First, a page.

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No Afghan-Taliban peace talks, for now

Kabul may have tried to reach out to current insurgents by meeting with former Taliban in Saudi Arabia late last month.

By Anand GopalCorrespondent of The Christian Science Monitor / October 9, 2008

At the table: Afghan and ex-Taliban officials met with Saudi King Abdullah.



Kabul, Afghanistan

The Taliban are not engaged in peace talks with the Afghan government, despite recent reports to the contrary, say sources close to the insurgents and the government.

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Instead, meetings held last month in Saudi Arabia – which brought former Taliban officials together with members of the Afghan and Saudi governments – may be an attempt by Kabul to start negotiations with the current Taliban.

"The meetings signal that the Afghan government is weak and is desperate for a solution," says Waheed Muzhda, a political analyst in Kabul and former official in the Taliban government.

They've come at a time when the Taliban insurgency in Afghanistan and Pakistan is reaching unprecedented heights, causing some analysts to doubt that the militants will be interested in making peace.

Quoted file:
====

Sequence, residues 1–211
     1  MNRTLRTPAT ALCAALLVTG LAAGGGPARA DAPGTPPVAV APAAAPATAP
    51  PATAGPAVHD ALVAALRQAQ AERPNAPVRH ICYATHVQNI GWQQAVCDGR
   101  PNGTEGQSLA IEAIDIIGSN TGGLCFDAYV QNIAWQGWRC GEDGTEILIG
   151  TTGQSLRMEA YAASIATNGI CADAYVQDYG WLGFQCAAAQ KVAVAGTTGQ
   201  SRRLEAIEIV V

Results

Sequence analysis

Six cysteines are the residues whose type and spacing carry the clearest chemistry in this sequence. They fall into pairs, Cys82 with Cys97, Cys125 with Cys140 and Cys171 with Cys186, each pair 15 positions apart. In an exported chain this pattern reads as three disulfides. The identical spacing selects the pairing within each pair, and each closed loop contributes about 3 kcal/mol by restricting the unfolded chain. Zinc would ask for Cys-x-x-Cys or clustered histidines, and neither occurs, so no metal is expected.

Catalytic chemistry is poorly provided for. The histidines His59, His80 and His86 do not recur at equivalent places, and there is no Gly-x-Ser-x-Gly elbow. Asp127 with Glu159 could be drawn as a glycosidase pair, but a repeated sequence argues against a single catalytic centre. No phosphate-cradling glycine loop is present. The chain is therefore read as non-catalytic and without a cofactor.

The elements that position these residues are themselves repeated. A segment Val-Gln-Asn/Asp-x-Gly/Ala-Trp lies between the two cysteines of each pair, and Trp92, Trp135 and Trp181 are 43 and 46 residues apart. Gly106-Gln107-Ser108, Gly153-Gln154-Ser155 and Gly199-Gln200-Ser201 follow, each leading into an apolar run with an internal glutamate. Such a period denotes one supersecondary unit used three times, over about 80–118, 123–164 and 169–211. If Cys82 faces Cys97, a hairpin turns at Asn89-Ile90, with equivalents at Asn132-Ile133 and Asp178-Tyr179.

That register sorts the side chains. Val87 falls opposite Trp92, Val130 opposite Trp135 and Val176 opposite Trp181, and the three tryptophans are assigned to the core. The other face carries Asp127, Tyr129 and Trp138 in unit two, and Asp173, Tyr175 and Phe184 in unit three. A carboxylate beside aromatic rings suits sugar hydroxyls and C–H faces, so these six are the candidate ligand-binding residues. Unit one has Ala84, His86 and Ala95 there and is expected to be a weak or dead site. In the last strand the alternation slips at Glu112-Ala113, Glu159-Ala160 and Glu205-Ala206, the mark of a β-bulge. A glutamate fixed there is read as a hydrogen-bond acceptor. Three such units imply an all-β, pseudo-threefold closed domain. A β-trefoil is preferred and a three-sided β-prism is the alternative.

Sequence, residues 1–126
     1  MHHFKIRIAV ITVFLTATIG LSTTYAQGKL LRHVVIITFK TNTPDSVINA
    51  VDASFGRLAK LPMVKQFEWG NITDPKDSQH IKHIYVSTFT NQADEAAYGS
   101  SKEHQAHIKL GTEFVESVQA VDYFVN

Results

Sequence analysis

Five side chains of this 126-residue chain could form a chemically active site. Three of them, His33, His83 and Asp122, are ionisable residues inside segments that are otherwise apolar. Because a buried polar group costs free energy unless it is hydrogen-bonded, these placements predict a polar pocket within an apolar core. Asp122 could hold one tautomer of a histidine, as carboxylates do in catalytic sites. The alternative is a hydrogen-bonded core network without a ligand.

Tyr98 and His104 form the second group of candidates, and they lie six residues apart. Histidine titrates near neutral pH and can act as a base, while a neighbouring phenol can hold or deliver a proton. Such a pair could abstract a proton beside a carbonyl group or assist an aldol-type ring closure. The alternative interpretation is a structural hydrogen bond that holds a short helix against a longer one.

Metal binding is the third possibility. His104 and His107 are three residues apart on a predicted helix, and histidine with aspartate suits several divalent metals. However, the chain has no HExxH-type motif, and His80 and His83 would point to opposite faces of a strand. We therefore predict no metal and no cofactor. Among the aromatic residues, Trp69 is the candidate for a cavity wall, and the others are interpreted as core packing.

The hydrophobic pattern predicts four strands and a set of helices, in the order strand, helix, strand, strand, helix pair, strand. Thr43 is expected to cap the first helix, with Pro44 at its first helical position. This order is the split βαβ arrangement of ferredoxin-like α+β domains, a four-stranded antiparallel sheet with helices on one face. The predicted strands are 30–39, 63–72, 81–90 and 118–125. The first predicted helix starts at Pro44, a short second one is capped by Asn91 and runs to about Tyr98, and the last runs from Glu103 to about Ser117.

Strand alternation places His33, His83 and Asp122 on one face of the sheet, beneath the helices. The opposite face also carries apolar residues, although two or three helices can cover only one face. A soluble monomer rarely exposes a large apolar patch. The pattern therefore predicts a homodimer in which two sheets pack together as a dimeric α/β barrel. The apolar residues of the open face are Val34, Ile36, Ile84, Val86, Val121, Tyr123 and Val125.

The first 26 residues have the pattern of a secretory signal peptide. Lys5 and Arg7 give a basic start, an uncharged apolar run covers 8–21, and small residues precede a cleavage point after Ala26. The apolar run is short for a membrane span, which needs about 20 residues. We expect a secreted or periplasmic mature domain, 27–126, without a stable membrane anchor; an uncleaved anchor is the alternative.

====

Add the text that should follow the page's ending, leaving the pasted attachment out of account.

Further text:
Moreover, the former Taliban members who participated in the Mecca meetings may not have much sway in persuading current militants to come to the table. "These people don't represent the Taliban," Mr. Muzhda says. "Most of the people have almost no standing with the current Taliban leadership."

No current Taliban attended the meeting

Up to 17 Afghans met with Saudi leader King Abdullah and other Saudi officials over the course of four days in late September, according to sources who either attended or are familiar with the meeting. Attendees included: Mullah Muhammad Ghaus, former foreign minister under the Taliban government, which ruled Afghanistan until 2001, who currently lives in Quetta, Pakistan; Abdel Hakim Mujahed, former unofficial Taliban representative in the United Nations; and Abdul Salaam Hashimi, former director of finance for the insurgent group Hizb-i-Islami, which is currently aligned with the Taliban.

None of the attendees currently belongs to the Taliban, according to one former Taliban official who attended the meetings. Some of the attendees – such as Maulavi Arsala Rahmani, a former deputy minister and currently senator – didn't wield much influence in the former Taliban government. Others, such as former Foreign Minister Wakil Ahmad Mutawakil, have since fallen out of favor with the leadership. On the Afghan side, attendees included parliamentarian Arif Noorzai and National Security Adviser Zalmay Rasul.

Both the Afghan government and the Taliban deny that the Saudi meetings could be construed as peace talks. A statement issued late last month by fugitive Taliban leader Mullah Omar said that "a handful of former Taliban officials who are under house arrest or who have surrendered do not represent the Islamic Emirate," referring to the Taliban.